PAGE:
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3D Printing question


ouzo
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First off I've never even seen a 3D printer in real life, but I do have a vague idea of how they work.

 

Lets say I have a plastic part the I want to re-design, what would be my options here?

 

I'm assuming the easiest would be a 3D scan of the part, re-design in favourite CAD type programme and then have it printed.

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First off I've never even seen a 3D printer in real life, but I do have a vague idea of how they work.

 

Lets say I have a plastic part the I want to re-design, what would be my options here?

 

I'm assuming the easiest would be a 3D scan of the part, re-design in favourite CAD type programme and then have it printed.

https://www.onshape.com/

 

Very nice Free online design software.

 

Buy yourself a vernier caliperhttps://www.takealot.com/total-tools-150mm-vernier/PLID69205702?gclid=Cj0KCQjwoaz3BRDnARIsAF1RfLc0WjIhaXfpmqO2dlQGMlZfi-TyzWSkSdJ7J7TxvLt7uAbsvDnqzOEaAnPgEALw_wcB&gclsrc=aw.ds

 

Measure each feature and do the CAD work yourself. Scanned items are inherently problematic to work with, rather design it from scratch.

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https://www.onshape.com/

 

Very nice Free online design software.

 

Buy yourself a vernier caliperhttps://www.takealot.com/total-tools-150mm-vernier/PLID69205702?gclid=Cj0KCQjwoaz3BRDnARIsAF1RfLc0WjIhaXfpmqO2dlQGMlZfi-TyzWSkSdJ7J7TxvLt7uAbsvDnqzOEaAnPgEALw_wcB&gclsrc=aw.ds

 

Measure each feature and do the CAD work yourself. Scanned items are inherently problematic to work with, rather design it from scratch.

one of the options in my head was measuring up and doing the design myself, I'll have to dig deep into the memory banks and remember some of the tech drawing I last did in 1993, but its probably something I'll enjoy.

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one of the options in my head was measuring up and doing the design myself, I'll have to dig deep into the memory banks and remember some of the tech drawing I last did in 1993, but its probably something I'll enjoy.

HAHA, this is waaay easier.

 

Thing is to find someone that can print for you quickly and cheaply. Print as soon as possible as you will invariably need to go through design iterations.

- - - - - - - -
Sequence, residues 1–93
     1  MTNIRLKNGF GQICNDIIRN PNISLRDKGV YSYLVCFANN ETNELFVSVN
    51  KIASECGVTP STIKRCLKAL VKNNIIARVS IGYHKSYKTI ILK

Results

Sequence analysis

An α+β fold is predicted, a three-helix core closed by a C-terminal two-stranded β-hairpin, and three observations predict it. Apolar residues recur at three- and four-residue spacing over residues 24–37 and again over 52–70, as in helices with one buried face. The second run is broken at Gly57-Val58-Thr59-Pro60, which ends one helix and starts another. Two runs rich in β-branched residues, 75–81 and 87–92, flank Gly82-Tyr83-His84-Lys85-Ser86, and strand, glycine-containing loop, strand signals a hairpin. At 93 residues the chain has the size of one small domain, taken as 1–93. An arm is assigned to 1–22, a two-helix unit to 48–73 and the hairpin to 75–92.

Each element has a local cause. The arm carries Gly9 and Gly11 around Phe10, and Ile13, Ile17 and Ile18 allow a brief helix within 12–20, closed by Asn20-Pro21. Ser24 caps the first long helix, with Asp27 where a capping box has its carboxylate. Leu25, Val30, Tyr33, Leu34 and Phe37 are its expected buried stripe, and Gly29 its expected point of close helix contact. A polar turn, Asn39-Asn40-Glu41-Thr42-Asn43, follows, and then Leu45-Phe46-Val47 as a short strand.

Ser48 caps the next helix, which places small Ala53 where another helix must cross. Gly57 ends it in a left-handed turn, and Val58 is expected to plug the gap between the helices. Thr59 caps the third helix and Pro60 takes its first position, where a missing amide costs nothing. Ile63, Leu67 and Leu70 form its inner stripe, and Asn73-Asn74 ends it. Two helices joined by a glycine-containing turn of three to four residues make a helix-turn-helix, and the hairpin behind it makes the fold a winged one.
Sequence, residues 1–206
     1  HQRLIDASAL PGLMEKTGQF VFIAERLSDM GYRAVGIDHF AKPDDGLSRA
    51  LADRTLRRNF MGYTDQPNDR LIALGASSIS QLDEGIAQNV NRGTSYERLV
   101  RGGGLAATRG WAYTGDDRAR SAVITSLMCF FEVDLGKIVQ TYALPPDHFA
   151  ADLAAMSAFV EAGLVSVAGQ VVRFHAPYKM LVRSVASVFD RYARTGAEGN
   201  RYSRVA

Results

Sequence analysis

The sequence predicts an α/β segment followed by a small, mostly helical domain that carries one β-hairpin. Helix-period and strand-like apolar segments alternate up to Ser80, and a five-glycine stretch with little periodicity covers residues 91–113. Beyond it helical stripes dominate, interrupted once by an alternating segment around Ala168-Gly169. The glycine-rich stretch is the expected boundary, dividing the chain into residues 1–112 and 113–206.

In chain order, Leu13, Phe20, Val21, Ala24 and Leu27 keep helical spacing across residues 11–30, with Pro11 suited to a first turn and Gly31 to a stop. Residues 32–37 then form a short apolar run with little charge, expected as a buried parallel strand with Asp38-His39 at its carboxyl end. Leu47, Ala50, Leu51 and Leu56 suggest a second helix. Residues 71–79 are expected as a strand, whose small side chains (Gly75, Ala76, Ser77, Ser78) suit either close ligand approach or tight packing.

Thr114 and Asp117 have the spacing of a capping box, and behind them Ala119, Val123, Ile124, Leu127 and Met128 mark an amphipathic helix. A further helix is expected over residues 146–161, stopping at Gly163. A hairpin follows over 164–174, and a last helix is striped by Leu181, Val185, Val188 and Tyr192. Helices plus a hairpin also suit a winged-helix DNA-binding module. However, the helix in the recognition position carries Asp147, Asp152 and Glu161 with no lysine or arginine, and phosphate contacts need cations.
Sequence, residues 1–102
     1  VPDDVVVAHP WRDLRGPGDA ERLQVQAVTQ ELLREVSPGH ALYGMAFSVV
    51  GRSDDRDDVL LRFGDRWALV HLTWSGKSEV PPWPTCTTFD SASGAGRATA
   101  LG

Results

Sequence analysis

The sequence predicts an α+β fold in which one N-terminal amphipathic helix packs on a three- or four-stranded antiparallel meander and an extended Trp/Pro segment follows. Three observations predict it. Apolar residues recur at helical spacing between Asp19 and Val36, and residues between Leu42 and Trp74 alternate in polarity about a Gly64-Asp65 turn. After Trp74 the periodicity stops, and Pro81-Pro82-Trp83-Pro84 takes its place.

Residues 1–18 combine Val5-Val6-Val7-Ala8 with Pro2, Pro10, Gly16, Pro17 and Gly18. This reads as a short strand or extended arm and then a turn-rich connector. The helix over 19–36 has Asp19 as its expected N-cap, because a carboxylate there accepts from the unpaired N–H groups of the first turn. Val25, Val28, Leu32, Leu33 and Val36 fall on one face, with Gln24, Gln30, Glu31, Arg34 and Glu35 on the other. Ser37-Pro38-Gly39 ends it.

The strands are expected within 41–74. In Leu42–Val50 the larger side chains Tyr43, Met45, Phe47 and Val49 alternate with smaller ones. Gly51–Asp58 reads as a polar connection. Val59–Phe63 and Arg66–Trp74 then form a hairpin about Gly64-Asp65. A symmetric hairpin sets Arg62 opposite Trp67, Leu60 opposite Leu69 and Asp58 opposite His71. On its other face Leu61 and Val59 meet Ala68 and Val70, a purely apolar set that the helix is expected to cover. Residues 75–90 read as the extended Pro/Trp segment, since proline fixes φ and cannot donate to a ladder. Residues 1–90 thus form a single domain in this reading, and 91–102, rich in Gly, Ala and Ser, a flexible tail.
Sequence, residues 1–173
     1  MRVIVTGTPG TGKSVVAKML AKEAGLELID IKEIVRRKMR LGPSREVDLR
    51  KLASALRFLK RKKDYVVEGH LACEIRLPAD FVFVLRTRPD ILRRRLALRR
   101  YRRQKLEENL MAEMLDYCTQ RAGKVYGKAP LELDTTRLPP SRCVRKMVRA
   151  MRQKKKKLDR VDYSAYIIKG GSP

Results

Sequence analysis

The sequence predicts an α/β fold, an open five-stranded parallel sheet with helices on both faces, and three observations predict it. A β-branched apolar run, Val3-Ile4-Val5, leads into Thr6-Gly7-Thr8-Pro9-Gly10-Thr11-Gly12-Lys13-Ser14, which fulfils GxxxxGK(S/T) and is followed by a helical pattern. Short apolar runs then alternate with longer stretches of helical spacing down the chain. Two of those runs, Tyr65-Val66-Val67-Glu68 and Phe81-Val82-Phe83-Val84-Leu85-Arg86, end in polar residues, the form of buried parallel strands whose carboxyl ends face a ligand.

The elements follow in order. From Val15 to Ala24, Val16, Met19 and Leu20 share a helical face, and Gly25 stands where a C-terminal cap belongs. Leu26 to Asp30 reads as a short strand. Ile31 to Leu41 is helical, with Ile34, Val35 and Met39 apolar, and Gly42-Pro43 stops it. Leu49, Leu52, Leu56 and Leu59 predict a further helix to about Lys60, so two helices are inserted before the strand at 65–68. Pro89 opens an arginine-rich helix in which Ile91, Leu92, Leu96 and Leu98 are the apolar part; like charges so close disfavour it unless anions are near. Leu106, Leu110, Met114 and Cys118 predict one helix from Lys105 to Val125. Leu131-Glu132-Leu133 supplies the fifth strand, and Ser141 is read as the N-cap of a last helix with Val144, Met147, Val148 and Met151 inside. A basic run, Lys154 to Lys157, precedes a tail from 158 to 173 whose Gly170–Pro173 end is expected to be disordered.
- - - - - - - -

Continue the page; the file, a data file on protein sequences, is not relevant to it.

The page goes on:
"Fail fast" is a motto that resonated with me.

 

Build something as quickly as possible, so that you can learn and make improvements.

 

"1st time right" is a pipe dream 

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HAHA, this is waaay easier.

 

Thing is to find someone that can print for you quickly and cheaply. Print as soon as possible as you will invariably need to go through design iterations.

 

"Fail fast" is a motto that resonated with me.

 

Build something as quickly as possible, so that you can learn and make improvements.

 

"1st time right" is a pipe dream 

I think I'm going to tackle it this way, just for ****s and giggles. I seem to recall the local Builders will do a 3D print if you bring them the design, since they're closer than walking distance from home it makes it convenient.

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I recently designed my own item using Autodesk. Free download for 30 days and thereafter free for domestic use / non commercial gain. I have only ever designed basics things on Turbocad so was very hesitant. I soon got the hang of it. Saved the drawing to a .STL file. Emailed the .STL file to a chap with a 3D printer and voila. 4 samples later I was happy with the end result.

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I use autodesk Fusion 360, free for hobbist use. It's quite effective but more complicated designs will take time to figure out the program and effectively work with it. 

3d prints will never be right first time, especially if you need to make holes right size etc. 

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